Journal Article
Modern Language Quarterly (1 June 1943) 4 (2): 240–241.
Published: 01 June 1943
... value. And yet it was in this same baroque century that Mexico gave to Spain one of her greatest dramatists, Ruiz de Alarc6n; and it was in this century that a Mexican woman, Sor Juana Inks de la Cruz, wrote her inspired, profoundly human poetry. The neo-classicism of the eighteenth...
Journal Article
Modern Language Quarterly (1 June 1949) 10 (2): 131–140.
Published: 01 June 1949
... put into his essays that he might even be charged with plagiarisni. Such an accusation would do the Mexican writer a great injustice. Similarity of literary influences and cultural environment would ac- count for some of these resemblances ; similarity of temperament would account for...
Journal Article
Modern Language Quarterly (1 June 1996) 57 (2): 181–196.
Published: 01 June 1996
... landscapes collide and in which social and cultural transformations reinforce each other. Let us now compare the Andes with the Caribbean and with the Mexican-U.S. border by bringing into the discussion a Jamaican writer, Michelle Cliff, and a Mexican American author, Gloria AnzaldGa.4 Cliff...
Journal Article
Modern Language Quarterly (1 December 1975) 36 (4): 403–417.
Published: 01 December 1975
... was able to take the secret of his identity with him, not to his grave, for he was riot buried, but to the South Mexican state of Chiapas, over whose jungles his ashes were scattered. Sic transit gloriu mundi. The glory was Traven’s victory over...
Journal Article
Modern Language Quarterly (1 March 1949) 10 (1): 47–48.
Published: 01 March 1949
..., 1635, 1649. Cf. 0. H. Green and I. A. Leonard, “On the Mexican Book Trade in 1600: A Chapter in Cultural History,” Hispanic Review, IX (1941), 13, and my review of F. Shchez y Escribano’s study, Los “Adagia” de Erasmo en “La Philosophia Vulgar” de Juan de Ma1 Lara, in Hispanic Review...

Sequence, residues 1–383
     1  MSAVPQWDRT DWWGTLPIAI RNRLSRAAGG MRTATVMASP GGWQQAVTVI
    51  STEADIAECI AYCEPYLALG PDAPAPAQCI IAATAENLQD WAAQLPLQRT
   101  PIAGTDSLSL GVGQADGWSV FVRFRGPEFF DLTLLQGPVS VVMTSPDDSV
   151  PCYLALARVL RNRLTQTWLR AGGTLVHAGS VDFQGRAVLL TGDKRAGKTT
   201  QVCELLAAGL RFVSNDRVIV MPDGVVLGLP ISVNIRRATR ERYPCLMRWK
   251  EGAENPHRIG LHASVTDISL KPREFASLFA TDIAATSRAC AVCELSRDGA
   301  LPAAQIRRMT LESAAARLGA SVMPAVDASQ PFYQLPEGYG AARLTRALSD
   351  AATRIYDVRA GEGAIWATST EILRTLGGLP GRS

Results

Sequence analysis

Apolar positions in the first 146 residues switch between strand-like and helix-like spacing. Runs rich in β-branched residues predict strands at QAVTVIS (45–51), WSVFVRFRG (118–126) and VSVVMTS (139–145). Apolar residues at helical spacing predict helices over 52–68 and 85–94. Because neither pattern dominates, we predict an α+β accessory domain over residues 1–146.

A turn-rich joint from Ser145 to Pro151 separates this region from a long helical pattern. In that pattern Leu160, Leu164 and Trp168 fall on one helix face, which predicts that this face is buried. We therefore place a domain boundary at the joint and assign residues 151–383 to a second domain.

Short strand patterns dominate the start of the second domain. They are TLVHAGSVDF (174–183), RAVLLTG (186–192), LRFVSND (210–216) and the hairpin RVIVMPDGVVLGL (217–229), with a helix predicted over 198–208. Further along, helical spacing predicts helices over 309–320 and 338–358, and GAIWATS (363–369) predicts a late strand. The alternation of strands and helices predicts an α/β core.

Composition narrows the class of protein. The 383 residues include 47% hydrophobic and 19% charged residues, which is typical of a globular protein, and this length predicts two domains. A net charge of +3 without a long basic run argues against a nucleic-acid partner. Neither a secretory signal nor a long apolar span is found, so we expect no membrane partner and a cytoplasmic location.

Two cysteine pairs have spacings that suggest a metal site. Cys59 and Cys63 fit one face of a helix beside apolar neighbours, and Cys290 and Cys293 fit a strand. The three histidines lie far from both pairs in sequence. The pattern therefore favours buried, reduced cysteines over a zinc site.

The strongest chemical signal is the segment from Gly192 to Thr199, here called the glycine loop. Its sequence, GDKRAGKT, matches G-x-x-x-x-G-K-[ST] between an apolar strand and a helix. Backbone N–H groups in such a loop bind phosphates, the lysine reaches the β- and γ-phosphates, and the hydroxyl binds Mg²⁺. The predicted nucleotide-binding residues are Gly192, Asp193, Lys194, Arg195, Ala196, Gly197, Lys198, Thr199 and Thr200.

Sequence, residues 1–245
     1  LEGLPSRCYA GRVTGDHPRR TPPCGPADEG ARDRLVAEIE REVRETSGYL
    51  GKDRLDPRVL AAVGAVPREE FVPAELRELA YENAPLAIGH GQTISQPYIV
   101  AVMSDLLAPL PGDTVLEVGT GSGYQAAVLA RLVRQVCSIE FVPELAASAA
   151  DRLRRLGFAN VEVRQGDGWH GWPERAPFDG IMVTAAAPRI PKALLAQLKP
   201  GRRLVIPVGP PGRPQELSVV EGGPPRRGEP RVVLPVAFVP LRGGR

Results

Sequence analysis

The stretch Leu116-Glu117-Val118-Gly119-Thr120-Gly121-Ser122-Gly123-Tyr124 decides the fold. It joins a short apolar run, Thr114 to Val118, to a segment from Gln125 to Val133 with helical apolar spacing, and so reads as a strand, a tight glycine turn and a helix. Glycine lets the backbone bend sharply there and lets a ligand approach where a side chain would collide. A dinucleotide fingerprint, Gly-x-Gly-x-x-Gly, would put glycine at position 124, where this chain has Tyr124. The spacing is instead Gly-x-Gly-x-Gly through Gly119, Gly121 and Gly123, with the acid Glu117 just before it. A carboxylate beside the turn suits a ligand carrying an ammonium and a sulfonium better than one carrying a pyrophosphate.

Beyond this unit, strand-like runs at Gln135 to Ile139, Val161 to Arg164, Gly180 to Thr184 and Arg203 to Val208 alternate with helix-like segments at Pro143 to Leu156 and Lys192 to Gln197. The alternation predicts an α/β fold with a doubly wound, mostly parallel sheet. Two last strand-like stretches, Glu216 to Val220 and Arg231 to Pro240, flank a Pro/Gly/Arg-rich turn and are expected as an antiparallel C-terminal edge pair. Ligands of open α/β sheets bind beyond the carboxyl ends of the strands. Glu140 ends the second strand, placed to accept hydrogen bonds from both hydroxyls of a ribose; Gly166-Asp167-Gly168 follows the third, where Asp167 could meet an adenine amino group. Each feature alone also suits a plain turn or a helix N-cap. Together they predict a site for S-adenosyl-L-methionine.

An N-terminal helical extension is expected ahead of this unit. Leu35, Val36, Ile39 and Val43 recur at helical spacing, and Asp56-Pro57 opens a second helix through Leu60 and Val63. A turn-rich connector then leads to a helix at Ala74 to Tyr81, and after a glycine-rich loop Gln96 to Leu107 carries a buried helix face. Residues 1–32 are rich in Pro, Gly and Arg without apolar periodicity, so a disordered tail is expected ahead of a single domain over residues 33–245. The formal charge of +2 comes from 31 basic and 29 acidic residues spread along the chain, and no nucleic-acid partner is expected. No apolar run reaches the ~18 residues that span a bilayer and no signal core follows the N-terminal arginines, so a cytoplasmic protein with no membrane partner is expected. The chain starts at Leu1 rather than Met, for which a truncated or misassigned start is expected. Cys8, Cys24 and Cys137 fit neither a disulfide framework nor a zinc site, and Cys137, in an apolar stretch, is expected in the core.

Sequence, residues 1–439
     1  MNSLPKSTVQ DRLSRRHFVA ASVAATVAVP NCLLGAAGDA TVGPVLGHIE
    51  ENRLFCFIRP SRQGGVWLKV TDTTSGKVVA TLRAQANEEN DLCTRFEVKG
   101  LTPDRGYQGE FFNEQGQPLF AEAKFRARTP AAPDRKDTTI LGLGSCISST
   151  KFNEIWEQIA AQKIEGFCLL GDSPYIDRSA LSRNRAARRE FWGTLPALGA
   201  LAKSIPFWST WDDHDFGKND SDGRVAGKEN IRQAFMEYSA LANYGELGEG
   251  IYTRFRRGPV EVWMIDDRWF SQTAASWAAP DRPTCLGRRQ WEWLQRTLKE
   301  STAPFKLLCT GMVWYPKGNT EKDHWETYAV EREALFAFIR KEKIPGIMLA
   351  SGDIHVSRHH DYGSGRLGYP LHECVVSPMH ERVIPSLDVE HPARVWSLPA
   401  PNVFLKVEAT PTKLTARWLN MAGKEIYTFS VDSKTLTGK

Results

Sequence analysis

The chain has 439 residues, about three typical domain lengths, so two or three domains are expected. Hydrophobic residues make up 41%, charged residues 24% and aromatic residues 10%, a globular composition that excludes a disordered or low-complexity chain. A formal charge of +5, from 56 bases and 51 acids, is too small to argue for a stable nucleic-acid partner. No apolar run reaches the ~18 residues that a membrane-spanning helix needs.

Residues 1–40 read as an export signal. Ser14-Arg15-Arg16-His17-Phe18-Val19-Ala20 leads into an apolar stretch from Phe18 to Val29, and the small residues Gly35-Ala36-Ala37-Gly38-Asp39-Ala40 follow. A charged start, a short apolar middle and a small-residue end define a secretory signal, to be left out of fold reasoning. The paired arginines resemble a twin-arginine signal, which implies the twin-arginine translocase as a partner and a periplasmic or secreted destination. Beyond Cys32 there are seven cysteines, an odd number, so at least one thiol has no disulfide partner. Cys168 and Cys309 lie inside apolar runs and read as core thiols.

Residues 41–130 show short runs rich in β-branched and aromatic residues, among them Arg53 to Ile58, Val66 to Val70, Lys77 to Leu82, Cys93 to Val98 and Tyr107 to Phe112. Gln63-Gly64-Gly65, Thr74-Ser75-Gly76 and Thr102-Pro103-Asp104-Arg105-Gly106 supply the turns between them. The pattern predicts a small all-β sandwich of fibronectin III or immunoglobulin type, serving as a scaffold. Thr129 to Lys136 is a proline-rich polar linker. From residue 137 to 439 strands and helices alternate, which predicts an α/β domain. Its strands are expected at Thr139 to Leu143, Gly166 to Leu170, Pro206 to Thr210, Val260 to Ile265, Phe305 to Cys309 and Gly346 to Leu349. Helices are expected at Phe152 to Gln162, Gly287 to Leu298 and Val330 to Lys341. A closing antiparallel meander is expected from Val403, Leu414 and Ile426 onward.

Journal Article
Modern Language Quarterly (1 June 1949) 10 (2): 236–237.
Published: 01 June 1949
... GonzSlez Martinez, who might well be called the dean of contemporary Mexican poets, has made a solid and distinguished contribution to literature. The man who banished the aristocratic swan of the modernists realized that living in an ivory tower was not an intelligent solution to the...
Journal Article
Modern Language Quarterly (1 June 1978) 39 (2): 154–168.
Published: 01 June 1978
... promised land; all send her out into the wide spaces and high mountains of the south- west United States and Mexico; and all test her possible salvation through the spirit of place she finds or through the ancient, pre-Chris- tian beliefs of the American and Mexican Indians she encounters...
Journal Article
Modern Language Quarterly (1 June 2007) 68 (2): 221–241.
Published: 01 June 2007
... Balboa’s epic poem Espejo de paciencia (1608), the first work of Cuban literature and a foundational work of the New World baroque.31 Filomeno recounts for the Mexican silver merchant the plot of Espejo, which tells of the kidnapping of the bishop of Cuba by a French pirate, whom Salvador...
Journal Article
Modern Language Quarterly (1 December 2003) 64 (4): 495–498.
Published: 01 December 2003
... ancestor of Chicanas; probably only a minority of present-day Mexicans and Chicanas could trace such Aztec ancestry. It is more important, how- ever, to acknowledge that the act of “facing inward” (i.e., to the paternal home and its structures of domestic oppression) does not have to distract one’s...
Journal Article
Modern Language Quarterly (1 December 2003) 64 (4): 499–501.
Published: 01 December 2003
... ancestor of Chicanas; probably only a minority of present-day Mexicans and Chicanas could trace such Aztec ancestry. It is more important, how- ever, to acknowledge that the act of “facing inward” (i.e., to the paternal home and its structures of domestic oppression) does not have to distract one’s...